Stephen always seemed to be in trouble. I could never quite work out why the teachers found so much to object to about him. He was a bit of berk but never seemed like a bad kid. There must have been things not quite right at home. Sutton was well off enough for Stephen to standout on the first day at Senior School. He was still wearing the grey shirt and jumper we wore to Junior School. He was minus a blazer and the only piece of the new uniform he had was the blue and gold tie.
Stephen came to mind yesterday when I was browsing YouTube. I was struck by how many old bands seem be enjoying some strange afterlife. Angelic Upstarts made their one Top of the Pops appearance in I guess 1979. I had presumed they had thrown in the towel by 1984. But no, YouTube reveals a band that has put on a lot of weight but is still playing to appreciative audiences. These gigs are not just in some mate’s pub in Wallsend but locations as exotic as Sao Paulo, Bologna and Lodz. How these guys music found an audience in these places, and how they wound up playing there is profoundly odd.
But Stephen came to mind because of a more commercial New Wavish artist. The last time I gave Hazel O’Connor a thought was in Burgermeister, opposite Sutton Station, late one Tuesday night in 1985. There bouncing around behind the counter in an apron holding a big burger flipper was Stephen.
‘I don’t work here, I am hiding from somebody.’ Was his explanation. Unless he was fleeing a group of enraged vegans I could not think of a less effective hiding place. Burgermeister was a grim spot strategically located near The Whistle Stop Pub and the cab shop. A good place to be if you wanted to be involved in a fight.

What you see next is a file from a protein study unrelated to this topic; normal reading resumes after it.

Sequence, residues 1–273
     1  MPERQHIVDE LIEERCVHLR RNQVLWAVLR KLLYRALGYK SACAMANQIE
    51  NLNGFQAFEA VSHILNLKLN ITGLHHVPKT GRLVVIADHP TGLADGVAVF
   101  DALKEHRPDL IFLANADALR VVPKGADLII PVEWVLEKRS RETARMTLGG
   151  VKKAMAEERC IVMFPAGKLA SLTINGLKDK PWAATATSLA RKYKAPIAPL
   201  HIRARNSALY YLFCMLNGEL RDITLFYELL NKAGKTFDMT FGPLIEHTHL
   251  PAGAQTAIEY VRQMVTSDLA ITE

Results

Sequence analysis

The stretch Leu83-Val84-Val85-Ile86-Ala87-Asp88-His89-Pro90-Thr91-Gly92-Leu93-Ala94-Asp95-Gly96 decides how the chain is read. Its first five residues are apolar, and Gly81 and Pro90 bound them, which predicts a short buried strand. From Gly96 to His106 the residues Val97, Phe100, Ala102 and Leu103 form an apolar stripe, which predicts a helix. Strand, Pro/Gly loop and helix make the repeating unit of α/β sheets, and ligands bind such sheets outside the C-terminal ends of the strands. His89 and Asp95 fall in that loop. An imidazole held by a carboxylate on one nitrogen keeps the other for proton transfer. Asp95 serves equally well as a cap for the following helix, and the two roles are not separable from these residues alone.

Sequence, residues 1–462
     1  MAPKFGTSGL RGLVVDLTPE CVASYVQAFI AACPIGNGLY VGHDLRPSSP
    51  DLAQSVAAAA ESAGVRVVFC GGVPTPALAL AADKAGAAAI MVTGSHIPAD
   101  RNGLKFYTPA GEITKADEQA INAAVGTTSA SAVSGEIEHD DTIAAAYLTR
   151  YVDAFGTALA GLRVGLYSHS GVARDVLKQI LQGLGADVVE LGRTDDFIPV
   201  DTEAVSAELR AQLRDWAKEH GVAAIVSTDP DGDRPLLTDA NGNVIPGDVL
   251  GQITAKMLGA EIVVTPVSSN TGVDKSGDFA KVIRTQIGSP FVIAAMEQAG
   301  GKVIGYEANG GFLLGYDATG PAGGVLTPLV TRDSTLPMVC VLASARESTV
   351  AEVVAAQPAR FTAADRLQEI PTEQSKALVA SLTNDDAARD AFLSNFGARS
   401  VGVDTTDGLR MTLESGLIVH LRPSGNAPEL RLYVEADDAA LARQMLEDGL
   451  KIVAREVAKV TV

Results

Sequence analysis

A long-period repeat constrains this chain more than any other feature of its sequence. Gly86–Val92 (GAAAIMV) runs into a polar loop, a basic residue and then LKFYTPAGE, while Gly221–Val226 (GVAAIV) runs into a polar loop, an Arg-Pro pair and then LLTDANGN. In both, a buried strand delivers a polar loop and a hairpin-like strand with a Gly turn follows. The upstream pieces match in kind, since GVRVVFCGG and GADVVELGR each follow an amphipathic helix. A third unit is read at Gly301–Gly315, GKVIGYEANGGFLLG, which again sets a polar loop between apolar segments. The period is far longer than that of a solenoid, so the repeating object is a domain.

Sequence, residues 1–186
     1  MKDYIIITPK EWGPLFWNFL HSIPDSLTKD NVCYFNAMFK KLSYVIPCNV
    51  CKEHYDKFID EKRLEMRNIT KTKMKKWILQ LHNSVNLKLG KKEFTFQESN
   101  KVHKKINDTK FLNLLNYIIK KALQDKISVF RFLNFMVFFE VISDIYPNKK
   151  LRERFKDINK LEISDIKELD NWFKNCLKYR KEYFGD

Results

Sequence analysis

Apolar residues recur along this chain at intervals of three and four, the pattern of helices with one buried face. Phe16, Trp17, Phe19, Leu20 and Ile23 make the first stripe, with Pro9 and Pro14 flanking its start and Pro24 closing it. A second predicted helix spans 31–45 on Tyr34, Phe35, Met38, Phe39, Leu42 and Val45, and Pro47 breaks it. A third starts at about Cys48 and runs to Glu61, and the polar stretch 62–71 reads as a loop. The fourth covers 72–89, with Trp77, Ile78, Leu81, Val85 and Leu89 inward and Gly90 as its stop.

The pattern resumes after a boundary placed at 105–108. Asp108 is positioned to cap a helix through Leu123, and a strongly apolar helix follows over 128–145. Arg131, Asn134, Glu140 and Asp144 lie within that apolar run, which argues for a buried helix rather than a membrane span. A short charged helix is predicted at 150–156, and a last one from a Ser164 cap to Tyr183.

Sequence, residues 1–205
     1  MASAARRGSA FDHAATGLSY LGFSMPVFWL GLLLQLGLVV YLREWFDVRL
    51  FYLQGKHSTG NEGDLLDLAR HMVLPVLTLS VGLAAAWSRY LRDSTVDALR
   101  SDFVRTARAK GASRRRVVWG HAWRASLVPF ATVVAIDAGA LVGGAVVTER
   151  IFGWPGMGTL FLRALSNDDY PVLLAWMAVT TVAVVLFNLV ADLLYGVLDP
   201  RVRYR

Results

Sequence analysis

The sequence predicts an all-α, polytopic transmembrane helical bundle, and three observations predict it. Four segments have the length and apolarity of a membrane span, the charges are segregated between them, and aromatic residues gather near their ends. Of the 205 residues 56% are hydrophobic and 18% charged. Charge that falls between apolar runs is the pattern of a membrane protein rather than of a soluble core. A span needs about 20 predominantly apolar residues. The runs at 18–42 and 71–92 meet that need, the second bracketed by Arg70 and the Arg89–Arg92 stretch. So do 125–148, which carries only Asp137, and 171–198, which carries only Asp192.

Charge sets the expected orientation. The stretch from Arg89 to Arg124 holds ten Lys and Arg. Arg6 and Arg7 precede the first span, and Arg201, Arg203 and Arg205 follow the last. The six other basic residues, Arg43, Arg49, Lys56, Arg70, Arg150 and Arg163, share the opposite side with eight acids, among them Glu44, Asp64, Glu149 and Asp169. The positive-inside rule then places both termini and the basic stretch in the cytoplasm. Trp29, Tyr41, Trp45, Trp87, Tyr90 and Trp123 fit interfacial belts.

We started chatting about music. ‘I still like a lot of punk stuff.’ My ears pricked up. He pointed toward s a battered cassette player. ‘I was listening to Hazel O’Connor earlier.’ I stifled the urge to make a sour remark. O’Connor appeared in that space when New Wave gave way to synth pop. I was a bit snooty about her; she broke through starring in the film ‘Breaking Glass’ which was not very 4 Real in my book. But when I got home I dug out the cassette, and a couple of nights later enjoyed listening to ‘Will You’ with my girlfriend.
Browsing YouTube that evening came to mind and l did a search. But what appeared was not the face of a spikey haired young singer but a rather formidable looking woman in her 50’s belting out the tune. And there was more from 2010, 11, 12. Loads of footage of O’Connor performing at all manner of events. In fact it proved a struggle to find the stuff from what I imagine even she would describe as her heyday. There was stuff from a Punk festival a couple of years ago, and footage from a 30th anniversary gig. I did not realise that the film ‘Breaking Glass’ was remembered with that kind of fondness.
It is kind of appealing that below the surface of public consciousness there are a whole batch of bands long presumed dead still playing to those that love them. And what they play is sealed in amber, the songs from when the love affair began. The fans are loyal and in return the artists don’t shatter the mirror of nostalgia.